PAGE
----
VANCOUVER — A diverse group of Native American tribal members, environmental stewards, Clark County residents, business leaders and trades industry representatives came out this afternoon to share their views on the proposed Vancouver Energy oil terminal project proposed for the Port of Vancouver.
If built, the terminal, a joint venture between the Tesoro and Savage corporations, would be the largest crude oil terminal in the United States, bringing 380,000 barrels of oil a day to the Port of Vancouver. The oil would arrive by rail, be loaded into temporary holding tanks at the Port, and eventually leave Vancouver via shipping containers, traveling down the river toward the Pacific Ocean and oil refineries throughout the West Coast.
Advocates of the Tesoro-Savage oil terminal project say the proposal is safe, takes into account the sensitive nature of the Columbia River, does not pose the same environmental and health risks as an oil refinery, will stimulate state and local economies by providing jobs and will reduce the nation’s foreign-oil dependence.
But opponents of the massive rail-to-ship oil terminal — including the cities of Vancouver, Washougal and Portland, Clark County, the Vancouver Firefighters Union, the Rosemere Neighborhood Association in Vancouver, the Local Union International Labor and Warehouse Union Local 4, Columbia Riverkeeper, several Native American tribes in the Pacific Northwest, Friends of the Columbia Gorge, the Sierra Club and the Washington Environmental Council and the Washington State Attorney General — say the project poses enormous risk to the environment and to human health.
On Tue., Nov. 29, opponents and proponents gathered in the student center of Clark College in Vancouver for a six-hour public hearing before the Washington State Energy Facility Site Evaluation Council (EFSEC) to comment on a proposed construction stormwater general permit. Tesoro-Savage cannot begin construction on the oil terminal without this permit. On Tuesday, the council was considering public comments before making their final decision on issuing or denying the permit.
“Although this permit represents only one of the permitting decisions that the EFSEC must make for Tesoro-Savage, if this project is approved, stringent controls in this permit will be vital,” stated Kristen Boyles, attorney for a group of environmental advocacy organizations that oppose the oil terminal project, in her written remarks to the council. “Stormwater discharges from construction sites can be some of the most polluted discharges covered under the Clean Water Act.”
Boyles added that there are a bevy of environmental risks at stake in issuing the construction stormwater permit to Tesoro-Savage: “Stormwater discharges can cause very serious environmental degradation — especially as a greater percentage of our region’s land is covered by impervious surfaces and our native salmon and steelhead continue to decline.”
Although a few speakers present during the first hour of the six-hour public hearing were in favor of the oil terminal project, the majority of speakers were there to voice opposition to issuing the stormwater permit.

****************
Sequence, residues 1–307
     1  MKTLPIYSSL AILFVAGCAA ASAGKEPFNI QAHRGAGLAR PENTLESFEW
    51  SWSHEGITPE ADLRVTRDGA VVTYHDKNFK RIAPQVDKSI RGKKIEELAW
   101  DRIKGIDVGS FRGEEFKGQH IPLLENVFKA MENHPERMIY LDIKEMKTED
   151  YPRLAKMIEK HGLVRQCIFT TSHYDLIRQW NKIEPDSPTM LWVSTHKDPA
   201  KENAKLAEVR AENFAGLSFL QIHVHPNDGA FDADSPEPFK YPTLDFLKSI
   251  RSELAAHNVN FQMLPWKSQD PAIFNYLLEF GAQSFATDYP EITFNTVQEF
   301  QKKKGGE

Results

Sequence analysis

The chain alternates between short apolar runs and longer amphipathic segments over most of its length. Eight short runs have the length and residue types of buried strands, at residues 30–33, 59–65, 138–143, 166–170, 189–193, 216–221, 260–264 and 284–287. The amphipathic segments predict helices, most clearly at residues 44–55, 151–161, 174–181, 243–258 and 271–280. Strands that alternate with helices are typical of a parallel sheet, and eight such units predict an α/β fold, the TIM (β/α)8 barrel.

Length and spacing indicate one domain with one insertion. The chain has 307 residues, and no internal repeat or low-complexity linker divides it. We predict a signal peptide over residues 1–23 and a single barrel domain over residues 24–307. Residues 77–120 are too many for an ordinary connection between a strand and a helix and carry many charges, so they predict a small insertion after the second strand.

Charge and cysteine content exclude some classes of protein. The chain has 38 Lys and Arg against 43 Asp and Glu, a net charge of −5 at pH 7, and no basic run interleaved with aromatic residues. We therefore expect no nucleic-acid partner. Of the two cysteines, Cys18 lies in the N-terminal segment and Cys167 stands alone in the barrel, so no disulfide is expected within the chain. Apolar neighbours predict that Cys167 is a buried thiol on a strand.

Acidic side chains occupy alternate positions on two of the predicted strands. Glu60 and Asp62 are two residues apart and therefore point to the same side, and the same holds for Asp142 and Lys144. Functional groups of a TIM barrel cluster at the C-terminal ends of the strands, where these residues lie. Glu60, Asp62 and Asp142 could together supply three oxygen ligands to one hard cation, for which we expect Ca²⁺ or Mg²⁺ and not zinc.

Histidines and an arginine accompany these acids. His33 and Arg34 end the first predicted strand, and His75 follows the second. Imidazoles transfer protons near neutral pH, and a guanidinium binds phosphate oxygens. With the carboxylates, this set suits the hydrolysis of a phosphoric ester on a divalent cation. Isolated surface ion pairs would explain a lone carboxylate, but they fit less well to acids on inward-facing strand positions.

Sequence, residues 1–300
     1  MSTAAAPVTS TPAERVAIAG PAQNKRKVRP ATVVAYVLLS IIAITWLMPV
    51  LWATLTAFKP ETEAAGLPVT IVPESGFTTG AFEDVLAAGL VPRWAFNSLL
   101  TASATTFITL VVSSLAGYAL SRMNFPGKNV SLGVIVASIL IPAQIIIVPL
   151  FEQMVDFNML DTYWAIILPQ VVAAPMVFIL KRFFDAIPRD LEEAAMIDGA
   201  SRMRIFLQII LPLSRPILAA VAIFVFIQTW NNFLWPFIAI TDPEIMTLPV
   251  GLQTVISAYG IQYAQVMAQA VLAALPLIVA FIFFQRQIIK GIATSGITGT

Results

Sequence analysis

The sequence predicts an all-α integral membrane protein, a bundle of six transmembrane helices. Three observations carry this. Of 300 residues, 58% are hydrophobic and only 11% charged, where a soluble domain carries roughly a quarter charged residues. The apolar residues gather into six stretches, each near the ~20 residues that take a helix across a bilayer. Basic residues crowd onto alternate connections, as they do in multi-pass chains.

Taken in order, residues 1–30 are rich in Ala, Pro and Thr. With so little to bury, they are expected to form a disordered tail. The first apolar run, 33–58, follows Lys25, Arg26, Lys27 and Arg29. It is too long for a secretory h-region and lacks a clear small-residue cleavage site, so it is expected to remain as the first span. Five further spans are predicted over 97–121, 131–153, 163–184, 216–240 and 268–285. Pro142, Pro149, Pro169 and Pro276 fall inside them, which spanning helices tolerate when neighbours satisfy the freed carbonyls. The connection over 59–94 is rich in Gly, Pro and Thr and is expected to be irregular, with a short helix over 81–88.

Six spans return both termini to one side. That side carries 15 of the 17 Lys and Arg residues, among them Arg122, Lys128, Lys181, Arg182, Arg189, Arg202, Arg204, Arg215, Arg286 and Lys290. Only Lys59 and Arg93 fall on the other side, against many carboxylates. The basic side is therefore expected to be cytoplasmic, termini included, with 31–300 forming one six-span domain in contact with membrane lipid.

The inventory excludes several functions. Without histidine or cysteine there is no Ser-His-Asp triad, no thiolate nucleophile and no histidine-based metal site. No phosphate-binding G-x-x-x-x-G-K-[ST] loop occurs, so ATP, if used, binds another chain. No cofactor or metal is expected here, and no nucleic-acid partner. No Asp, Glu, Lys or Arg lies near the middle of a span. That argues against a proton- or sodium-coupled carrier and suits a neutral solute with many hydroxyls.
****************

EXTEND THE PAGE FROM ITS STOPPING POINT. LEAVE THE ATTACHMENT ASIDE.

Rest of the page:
One speaker, who described herself as a Portland business owner, reminded the council that Tesoro, which would be in charge of monitoring its own construction stormwater runoff into the Columbia River, is a company that has racked up several massive fines for environmental negligence — including a $2.4 million fine from the state of Washington for allegedly negligent practices that the state says contributed to the 2010 deaths of seven workers at the company’s oil refinery in Anacortes, Wash., and $10.4 million settlement reached in July of 2016 between the company and the U.S. Environmental Protection Agency for allegedly violating the federal Clean Air Act.
Asking Tesoro to monitor its own potential pollution, she told the council “is like asking Enron or Bernie Madoff to audit their own financial records.”
Other opponents included members of Native American Indian tribes from various parts of Washington, Oregon and the Pacific Northwest.
Cathy Sampson-Kruse, a member of the Confederated Tribes of Umatilla, spoke at Tuesday’s hearing and urged the council to not issue the permit and “be on the right side of history.”
“As an enrolled CTUIR (Confederated Tribes of the Umatilla Indian Reservation) tribal member of the four Columbia River Treaty Tribes, I ask you … think of the Salmon People, for your future generations and mine,” Sampson-Kruse told the council. “We have seen the devastation to fishery runs in our tribal sovereign nations … the time is now to stop mitigating and start protecting.”
In her closing statement, Sampson-Kruse urged the council to protect the sacred lands of the Salmon People, saying: “dirty, extreme fossil fuel is being carried through our homelands, down our waterways, and it must stop. We all have a moral obligation to rise up, speak out and protect the sacred.”
To read more about the construction stormwater general permit, visit the EFSEC site, here. To see the Vancouver City Council’s letter to the EFSEC asking that the council consider all the various safety, environmental and health concerns surrounding the project, click here.